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In my TBR this month | Nonfiction November

This is the last week of  Nonfiction November  - this may only be my second time actually following through for all four weeks of this event. Which is great - because I discovered some amazing blogs and several excellent nonfiction titles this month. Doing Dewey  is hosting the week and she's asking -  It’s been a month full of amazing nonfiction books! Which ones have made it onto your TBR? Be sure to link back to the original blogger who posted about that book! I picked up a ton of recommendations this month - these six are the ones I am most looking forward to reading.  Pandemic Solidarity  by Marina Sitrin and Rebecca Solnit - discovered over at Monika's  Lovely Bookshelf  - she has several similar books recommended in her post, and I'll admit I TBR'd almost all of them.  Doughnut Economics  by Kate Raworth -  Unsolicited Feedback  has several other books on this topic but this one in particular caught my eye. I Have Something to Tell You  by Chasten Buttigieg - thi

One Plus One by Jojo Moyes


A Man Called Ove
She couldn't tell him that things would change before he knew it, because when you were a teenager your life really only stretches in your imagination about two weeks ahead, and they both knew that it wasn't going to get better by then. Or, probably, any time soon after that.

Jojo Moyes is one of those authors I would never have read or tried to read. When I first attempted Me Before You, I closed it after the first chapter, because it smacked of a fluff novel with a rich good looking guy with a vapid girlfriend and who knows which predictable direction this novel would take. Months later, I found myself without an audiobook to listen to, and Me Before You was what I chose. I very rarely go back to a book I abandoned. But, Me Before You worked. It more than worked. It rocked.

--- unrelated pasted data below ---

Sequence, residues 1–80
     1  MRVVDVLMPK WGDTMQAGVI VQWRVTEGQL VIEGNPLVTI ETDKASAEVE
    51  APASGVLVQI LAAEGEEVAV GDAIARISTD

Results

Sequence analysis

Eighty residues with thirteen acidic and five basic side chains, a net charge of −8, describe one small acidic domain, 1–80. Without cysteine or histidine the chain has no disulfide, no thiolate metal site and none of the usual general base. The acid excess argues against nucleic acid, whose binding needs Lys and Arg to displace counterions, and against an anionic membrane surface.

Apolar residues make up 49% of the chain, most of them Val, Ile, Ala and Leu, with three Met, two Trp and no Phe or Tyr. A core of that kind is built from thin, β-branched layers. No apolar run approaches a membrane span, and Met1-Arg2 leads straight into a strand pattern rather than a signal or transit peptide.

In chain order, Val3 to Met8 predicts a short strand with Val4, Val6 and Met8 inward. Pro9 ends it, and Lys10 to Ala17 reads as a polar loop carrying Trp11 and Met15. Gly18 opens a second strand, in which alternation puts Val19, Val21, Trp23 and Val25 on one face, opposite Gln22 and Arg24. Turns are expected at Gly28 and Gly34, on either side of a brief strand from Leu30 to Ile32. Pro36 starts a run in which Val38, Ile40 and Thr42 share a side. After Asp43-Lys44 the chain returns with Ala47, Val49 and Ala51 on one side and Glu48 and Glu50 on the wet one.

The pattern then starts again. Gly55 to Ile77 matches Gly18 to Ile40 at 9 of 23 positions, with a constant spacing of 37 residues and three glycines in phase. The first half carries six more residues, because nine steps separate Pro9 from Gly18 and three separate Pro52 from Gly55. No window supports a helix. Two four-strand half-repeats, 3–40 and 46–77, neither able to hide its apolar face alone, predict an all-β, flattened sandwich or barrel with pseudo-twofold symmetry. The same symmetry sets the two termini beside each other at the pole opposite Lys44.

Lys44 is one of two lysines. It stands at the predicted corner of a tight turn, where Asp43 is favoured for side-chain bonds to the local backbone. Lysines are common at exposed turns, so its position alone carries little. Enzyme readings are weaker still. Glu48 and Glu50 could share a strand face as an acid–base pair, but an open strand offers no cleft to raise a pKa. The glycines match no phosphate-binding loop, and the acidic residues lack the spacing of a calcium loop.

One Plus One fared similarly. I wouldn't go as far as to say that it was as good as Me Before You. One Plus One was more predictable. But it was also funny, witty, and filled with misfits.

One similarity between these two books is that her male protagonists start off as men you hate at first glance. They are too self-important, too rich, too brainless, and too shallow. Over time, they reveal a side of theirs that was, for whatever reason, hidden in the first few chapters. Also, it took a poor working-too-hard woman to save them from their egos.

Apart from that common formula, the two books differed in every other possible way. In One Plus One, Jess Thomas works as a cleaner by day and a barmaid by night, trying to make ends meet and put two kids through school. Her husband, who doesn't contribute a dime, had moved away whining that he needs to fix his health and look for a job. Ed Nicholls is a rich-guy-done-bad-thing who is staying low after he took part in insider trading. His house is one of those that Jess cleans, and as is the wont with novels (and movies) like this one, the two start off on the wrong foot. Jess's husband's son, Nicky, is constantly bullied by some boys at school and in his neighborhood. Her daughter, Tanzie, is a math genius who just got the opportunity to study at a rich but great school on a scholarship, if her family can cough up five grand to cover up their share of the costs.